What I was most thrilled about that evening was picking up the patterns for the "I'm a Little Teapot" Fair Isle Tea Cozy! Yes, the printer (who, in his other life, is my brother) met what ended up being a very tight deadline. He did a beautiful job of printing the patterns on some gorgeous, heavy cover stock, scoring and folding them -- these just could not look more professional! I picked up the patterns from his print shop in Edmonds, and driving all the way to Seattle that evening, I had one hand on the steering wheel and in the other hand -- one of these patterns. I could hardly keep my eyes on the road, I was so entranced by the finished product. Fortunately, I took some back roads, and traffic was light.

So, the Two Swans Yarns line of knitting patterns got launched, on the occasion of my presentation. I'm really tickled that I met that goal.

June Dickinson, designer of the tea cozy, seemed tickled, too. It was a very sweet scene: People were purchasing patterns, then handing them to June for her autograph.

One question that I was asked, at the end of my presentation, was, Where do I advertise Two Swans, and how did I choose them? Speaking off the top of my head, I said that I advertise in Interweave Knits and in the Tigard Knitting Guild newsletter. In my best judgment, Interweave Knits publishes patterns that most closely fit the "traditional knitting" theme of Two Swans, of any of the knitting magazines out there, and I think the magazine's demographic most closely aligns with my shop's. I believe in supporting guilds (and isn't that obvious, after all the volunteering I've done for SKG?), and the Tigard Guild is a nearby guild that accepts advertising in its newsletter.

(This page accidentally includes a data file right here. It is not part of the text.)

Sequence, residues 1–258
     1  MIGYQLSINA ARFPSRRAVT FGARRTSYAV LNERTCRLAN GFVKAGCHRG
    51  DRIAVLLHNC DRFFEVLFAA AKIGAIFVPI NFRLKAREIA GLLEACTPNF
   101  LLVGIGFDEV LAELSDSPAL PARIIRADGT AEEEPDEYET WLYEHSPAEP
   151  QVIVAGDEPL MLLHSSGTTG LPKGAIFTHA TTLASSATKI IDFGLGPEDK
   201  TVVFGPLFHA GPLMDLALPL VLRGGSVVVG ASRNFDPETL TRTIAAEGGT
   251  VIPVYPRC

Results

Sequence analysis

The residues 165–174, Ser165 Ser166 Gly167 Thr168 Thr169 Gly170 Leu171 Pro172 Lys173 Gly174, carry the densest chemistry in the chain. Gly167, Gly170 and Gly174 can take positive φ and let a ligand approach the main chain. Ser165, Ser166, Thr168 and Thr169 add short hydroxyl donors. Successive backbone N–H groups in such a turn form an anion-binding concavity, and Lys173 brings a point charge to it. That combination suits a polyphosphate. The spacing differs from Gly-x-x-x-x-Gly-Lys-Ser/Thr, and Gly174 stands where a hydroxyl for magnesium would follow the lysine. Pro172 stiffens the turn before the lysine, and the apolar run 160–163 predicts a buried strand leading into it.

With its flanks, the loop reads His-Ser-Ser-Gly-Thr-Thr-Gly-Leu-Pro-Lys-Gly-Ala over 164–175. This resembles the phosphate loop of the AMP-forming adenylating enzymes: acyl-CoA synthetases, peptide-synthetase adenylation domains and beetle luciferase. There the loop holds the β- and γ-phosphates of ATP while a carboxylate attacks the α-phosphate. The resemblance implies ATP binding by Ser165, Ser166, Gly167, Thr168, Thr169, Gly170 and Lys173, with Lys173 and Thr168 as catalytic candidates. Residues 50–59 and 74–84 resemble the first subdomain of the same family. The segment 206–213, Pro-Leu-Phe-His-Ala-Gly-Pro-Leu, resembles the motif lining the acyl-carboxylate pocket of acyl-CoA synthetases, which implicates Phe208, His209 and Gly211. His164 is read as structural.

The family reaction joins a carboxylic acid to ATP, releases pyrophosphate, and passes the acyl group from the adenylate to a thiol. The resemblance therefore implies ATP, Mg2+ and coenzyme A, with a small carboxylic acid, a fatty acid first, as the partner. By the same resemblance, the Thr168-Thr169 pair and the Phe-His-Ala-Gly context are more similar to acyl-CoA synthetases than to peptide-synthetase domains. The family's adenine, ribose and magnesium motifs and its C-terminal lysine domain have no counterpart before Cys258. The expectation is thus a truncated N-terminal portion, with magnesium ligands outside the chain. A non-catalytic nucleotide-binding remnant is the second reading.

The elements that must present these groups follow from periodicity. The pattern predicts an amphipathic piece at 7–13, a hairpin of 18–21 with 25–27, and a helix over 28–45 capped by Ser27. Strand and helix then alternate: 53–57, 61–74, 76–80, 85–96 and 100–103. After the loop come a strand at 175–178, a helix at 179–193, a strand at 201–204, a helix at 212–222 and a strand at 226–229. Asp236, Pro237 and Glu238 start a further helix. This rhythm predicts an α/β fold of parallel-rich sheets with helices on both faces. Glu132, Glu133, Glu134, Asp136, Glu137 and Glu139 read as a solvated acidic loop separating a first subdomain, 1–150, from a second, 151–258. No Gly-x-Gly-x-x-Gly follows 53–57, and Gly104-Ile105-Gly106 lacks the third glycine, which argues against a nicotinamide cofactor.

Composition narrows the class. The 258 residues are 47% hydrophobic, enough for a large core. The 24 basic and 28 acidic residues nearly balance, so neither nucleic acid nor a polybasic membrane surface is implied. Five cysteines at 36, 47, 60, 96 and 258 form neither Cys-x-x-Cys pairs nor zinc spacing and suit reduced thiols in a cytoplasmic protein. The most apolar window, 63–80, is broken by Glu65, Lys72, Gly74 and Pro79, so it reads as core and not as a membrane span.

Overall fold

What I failed to remember, answering that unexpected question, are two other places where I advertise: Janet Szabo's Twists and Turns newsletter for Aran knitting, and Bonnie Franz's Stranded newsletter for color stranded knitting. These newsletters are intended for knitters who are keeping the traditions alive, and I definitely want to support these publications. If you haven't seen these newsletters already, I hope you'll check 'em out. I know that publishing these newsletters is very much a labor of love for each of those women -- and now that I've gotten the tea cozy pattern back from the printer, it's especially fresh in my memory how very labor-intensive it is to put together a publication like this.